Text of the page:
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article imageReport: 730 CBC employees earning $100,000, names not disclosed

By Andrew Moran     Feb 1, 2012 in Business
Toronto - After some Members of Parliament demanded salary details from the CBC, a new, recently released report shows that there are 730 employees who earn at least $100,000. The CBC will not say, though, who is making how much.
Since before the Christmas break, some members of the House of Commons have asked for the CBC to reveal the salaries of its top executives and on-air staff. The CBC said it would work with government officials to answer any questions on what the broadcaster spends on expenses. A new report released Monday does not show the salaries of some the company’s top personalities.
According to the report from Heritage Minister James Moore, there are 730 staff employees who earn at least $100,000 per year. Many are curious to know, though, who they are and how much do television hosts, such as Peter Mansbridge and George Stroumboulopoulos, earn annually.
“The majority of expenses of Peter Mansbridge and George Stroumboulopoulos are incurred as part of their programming activities on behalf of CBC/Radio-Canada and are not public,” said the documents. “It is not possible to separate programming from administrative expenses in the time provided for responding to this question.”
It was noted that President Hubert T. Lacroix earned between $358,400 and $421,600 last year, which was established by the Governor in Council. Lacroix was also given a 2011 Ford Taurus and a driver that earns between $34,000 and $56,500.
Other expenses incurred by Lacroix include: $29,810.51 in 2011, $48,913.23 in 2010, $41,194.28 in 2009, $59,324.70 in 2008 and $3,114.93 for the two months he worked for the corporation in 2007.
“The expenses of the President and CEO are approved by the Chair of CBC/Radio-Canada,” the documents stated. “They are also reviewed on a quarterly basis by CBC/Radio-Canada’s internal auditors.”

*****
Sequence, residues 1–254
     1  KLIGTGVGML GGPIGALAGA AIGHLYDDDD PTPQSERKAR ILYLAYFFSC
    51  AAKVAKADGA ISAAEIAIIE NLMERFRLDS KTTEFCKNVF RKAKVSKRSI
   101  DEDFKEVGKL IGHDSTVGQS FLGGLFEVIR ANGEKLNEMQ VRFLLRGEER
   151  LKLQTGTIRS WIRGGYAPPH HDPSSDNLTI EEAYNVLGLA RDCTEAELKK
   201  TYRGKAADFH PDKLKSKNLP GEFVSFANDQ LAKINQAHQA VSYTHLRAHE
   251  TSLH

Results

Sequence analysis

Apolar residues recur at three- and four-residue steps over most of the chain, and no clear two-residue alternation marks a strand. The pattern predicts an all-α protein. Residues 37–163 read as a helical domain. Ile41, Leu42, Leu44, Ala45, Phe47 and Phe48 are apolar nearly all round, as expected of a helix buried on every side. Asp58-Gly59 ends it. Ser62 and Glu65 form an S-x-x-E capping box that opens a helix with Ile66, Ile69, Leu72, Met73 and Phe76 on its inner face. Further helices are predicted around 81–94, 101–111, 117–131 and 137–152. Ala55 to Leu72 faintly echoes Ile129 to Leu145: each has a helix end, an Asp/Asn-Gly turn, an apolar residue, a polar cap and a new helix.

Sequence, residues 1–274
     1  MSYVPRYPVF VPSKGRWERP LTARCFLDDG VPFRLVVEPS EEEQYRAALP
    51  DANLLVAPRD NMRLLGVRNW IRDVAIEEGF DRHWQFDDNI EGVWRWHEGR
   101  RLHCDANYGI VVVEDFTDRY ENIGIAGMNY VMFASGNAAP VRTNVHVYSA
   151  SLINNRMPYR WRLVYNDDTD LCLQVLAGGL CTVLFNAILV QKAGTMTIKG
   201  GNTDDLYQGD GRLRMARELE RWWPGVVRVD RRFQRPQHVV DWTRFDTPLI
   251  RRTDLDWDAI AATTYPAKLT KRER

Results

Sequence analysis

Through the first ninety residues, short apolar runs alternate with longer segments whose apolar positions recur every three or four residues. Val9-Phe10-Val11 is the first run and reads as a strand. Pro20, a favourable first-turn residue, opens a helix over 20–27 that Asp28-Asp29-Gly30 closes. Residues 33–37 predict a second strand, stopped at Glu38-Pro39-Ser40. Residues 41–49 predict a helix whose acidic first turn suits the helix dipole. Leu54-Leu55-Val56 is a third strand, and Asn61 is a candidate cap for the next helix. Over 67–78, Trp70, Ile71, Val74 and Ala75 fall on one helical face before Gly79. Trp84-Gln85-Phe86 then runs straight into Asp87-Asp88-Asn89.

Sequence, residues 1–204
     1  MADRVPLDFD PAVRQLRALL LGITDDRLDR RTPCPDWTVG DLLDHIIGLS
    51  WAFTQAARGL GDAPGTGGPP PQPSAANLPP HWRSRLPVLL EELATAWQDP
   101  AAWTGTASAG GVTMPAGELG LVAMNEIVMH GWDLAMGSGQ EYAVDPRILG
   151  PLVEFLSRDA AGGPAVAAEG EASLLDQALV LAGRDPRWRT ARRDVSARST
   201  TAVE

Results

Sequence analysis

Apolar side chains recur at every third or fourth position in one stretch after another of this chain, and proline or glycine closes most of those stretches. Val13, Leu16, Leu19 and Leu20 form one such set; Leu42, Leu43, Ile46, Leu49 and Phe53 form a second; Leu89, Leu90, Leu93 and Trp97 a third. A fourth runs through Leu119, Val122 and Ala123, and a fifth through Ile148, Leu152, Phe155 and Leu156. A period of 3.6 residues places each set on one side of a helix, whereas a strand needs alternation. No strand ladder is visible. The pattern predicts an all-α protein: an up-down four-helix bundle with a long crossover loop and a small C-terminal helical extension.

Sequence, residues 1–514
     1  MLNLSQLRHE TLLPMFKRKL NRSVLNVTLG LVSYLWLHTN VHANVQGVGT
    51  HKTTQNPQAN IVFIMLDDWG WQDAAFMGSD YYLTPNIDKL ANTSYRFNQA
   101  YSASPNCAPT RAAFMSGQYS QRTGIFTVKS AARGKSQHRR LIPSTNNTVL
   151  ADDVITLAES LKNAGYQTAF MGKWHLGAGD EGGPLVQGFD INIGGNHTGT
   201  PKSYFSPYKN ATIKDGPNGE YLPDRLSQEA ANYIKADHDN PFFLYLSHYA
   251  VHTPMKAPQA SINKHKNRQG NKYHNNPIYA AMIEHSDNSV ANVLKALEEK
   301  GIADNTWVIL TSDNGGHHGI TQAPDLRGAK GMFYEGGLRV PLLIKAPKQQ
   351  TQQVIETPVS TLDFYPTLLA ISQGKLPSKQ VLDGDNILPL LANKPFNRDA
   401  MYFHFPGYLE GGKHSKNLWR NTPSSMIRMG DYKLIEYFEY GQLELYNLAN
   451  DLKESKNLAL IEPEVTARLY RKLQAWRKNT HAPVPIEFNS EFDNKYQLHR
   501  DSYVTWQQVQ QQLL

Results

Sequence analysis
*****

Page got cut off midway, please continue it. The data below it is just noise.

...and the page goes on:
The CBC will not divulge the names and the Heritage Minister said their identities and salary details are protected under the federal Privacy Act and Access to Information Act. The query first came from Alberta Conservative MP Brent Rathgeber.
“I am disappointed individuals who are on the public payroll, and certainly these members of the CBC are, those salaries and expenses ought to be disclosed,” said Rathgeber. “There seems to be a continued effort to hide behind the broadcast act.”
Members of the New Democratic Party counted the Conservatives with questions regarding the salaries of staff employees of the Prime Minister’s Office. “This is all about transparency. We asked them to put their money where their mouth is,” said Quebec MP and Heritage Critic, Tyrone Benskin.
Tony Clement, Treasury Board President, said that the PMO is comparable to the public service pay, but declined to list the names and numbers of those earning more than $100,000. Instead, he provided the websites of the federal government’s public accounts.
Tony Clement  Canadian federal politician  President of the Treasury Board.
Tony Clement, Canadian federal politician, President of the Treasury Board.
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Benskin added that he has no issues with these individuals earning more than $100,000 because he believes they would be making as much as five times more for their services in the private sector.
Many Conservative MPs have called for the end of public funding for the CBC, which is approximately $1.1 billion. A recent Harris-Decima study suggested that 46 percent support funding the CBC at the current levels and nearly a quarter would like it increased.
“Government of Canada funds the Canadian Broadcasting Corporation to the sum of $1.1 billion per annum, that the vast amount of Government of Canada funding gives the CBC an unfair advantage over its private sector competitor,” said Alberta Conservative MP Brian Jean, during a petition being read aloud that was signed by his constituents. “(We) call upon Parliament to end public funding of the Canadian Broadcasting Corporation."
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